In all seriousness, though, if this is how central government or, indeed, other people from Madrid treat the Catalans, then no wonder they want independence! No wonder they dislike those obnoxious, narrow-minded, culture-trouncing prats! What else can they expect when they immediately raise themselves (in their own estimation) above the Catalans?
I have to say I do love the Spanish language, and I know they all can't be tarred with the same brush. But that madrileño has thoroughly pissed me off.  

Visca Catalunya!

Wednesday, 7 March 2012

Parrots, sausages, and beans.

When one goes to a market simply to mooch around and paw at the various things on display, one doesn't often realise or appreciate the hard labour and gruelling starts the vendors have suffered to make (usually) a pittance. Before Sunday the 4th of March 2012, I was one of these people who fell into this category. Not any more.

My friend spent weeks preparing for this one day, slogging at a full-time job, then coming home to knit boots and brooches as Top Gear flickered in the background, or designing pieces of delicate silver jewellery which she then gave to her boyfriend to polish. After two weeks of very little sleep, and an offer of help from yours truly, the night before the big day arrived. We squashed everything into the car: stock, the stall, chairs, overnight bags, and there was just enough room for three of us to breathe. Our lodgings that night was a friend of my friend; I had never had the pleasure of meeting her, but we were acquainted very quickly, as she had to perch on my lap to show us where to go to park. It was a pleasant evening of wine and pizza and making paper bags - even confessing one is an 'arts and crafts retard' does not exempt one from work.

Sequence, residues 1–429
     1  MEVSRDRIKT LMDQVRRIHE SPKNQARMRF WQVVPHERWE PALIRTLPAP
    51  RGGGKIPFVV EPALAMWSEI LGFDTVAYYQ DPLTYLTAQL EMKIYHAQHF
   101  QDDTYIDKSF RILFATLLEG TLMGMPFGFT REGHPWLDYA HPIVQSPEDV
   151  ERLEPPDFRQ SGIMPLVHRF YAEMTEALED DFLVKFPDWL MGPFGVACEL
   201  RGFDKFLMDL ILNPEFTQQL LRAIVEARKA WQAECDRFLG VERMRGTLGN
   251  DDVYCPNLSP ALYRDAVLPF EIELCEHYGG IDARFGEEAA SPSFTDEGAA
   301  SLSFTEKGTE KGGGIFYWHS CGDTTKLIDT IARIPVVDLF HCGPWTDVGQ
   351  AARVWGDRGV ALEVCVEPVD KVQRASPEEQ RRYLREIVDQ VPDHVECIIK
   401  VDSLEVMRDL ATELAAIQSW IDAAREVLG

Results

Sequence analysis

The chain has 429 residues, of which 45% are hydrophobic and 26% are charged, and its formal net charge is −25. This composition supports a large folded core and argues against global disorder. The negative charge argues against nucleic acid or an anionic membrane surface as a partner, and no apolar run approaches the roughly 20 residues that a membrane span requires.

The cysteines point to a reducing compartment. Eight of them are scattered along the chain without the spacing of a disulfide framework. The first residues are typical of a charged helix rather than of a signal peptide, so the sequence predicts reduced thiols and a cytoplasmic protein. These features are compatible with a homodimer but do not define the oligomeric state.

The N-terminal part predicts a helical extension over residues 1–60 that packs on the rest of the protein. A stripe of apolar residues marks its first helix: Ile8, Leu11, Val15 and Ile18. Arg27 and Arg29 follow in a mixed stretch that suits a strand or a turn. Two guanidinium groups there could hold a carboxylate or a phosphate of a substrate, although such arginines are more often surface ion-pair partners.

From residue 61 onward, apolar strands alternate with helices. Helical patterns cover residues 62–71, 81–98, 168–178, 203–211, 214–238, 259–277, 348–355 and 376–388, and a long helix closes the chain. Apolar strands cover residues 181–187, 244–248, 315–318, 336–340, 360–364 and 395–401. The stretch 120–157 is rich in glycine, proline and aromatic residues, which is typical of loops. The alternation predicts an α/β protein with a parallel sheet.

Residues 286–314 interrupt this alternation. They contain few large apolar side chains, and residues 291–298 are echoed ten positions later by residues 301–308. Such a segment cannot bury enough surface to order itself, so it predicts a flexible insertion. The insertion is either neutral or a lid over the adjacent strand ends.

Sunday morning in Sant Llorenç de la Muga dawned chilly and without caffeine. (Two sharp intakes of breath - Sundays have mornings? No caffeine?!) 6 a.m. is never a good time, and without coffee the pangs of fatigue rapidly evolve from some sort of hideous mould into snarling beasts of grumpiness. Our toes were frozen to the point of pain. Add onto that setting up a stall which took about 2 hours in the end, and I was feeling slightly murderous, so it was fortunate that a bar was 30 seconds away...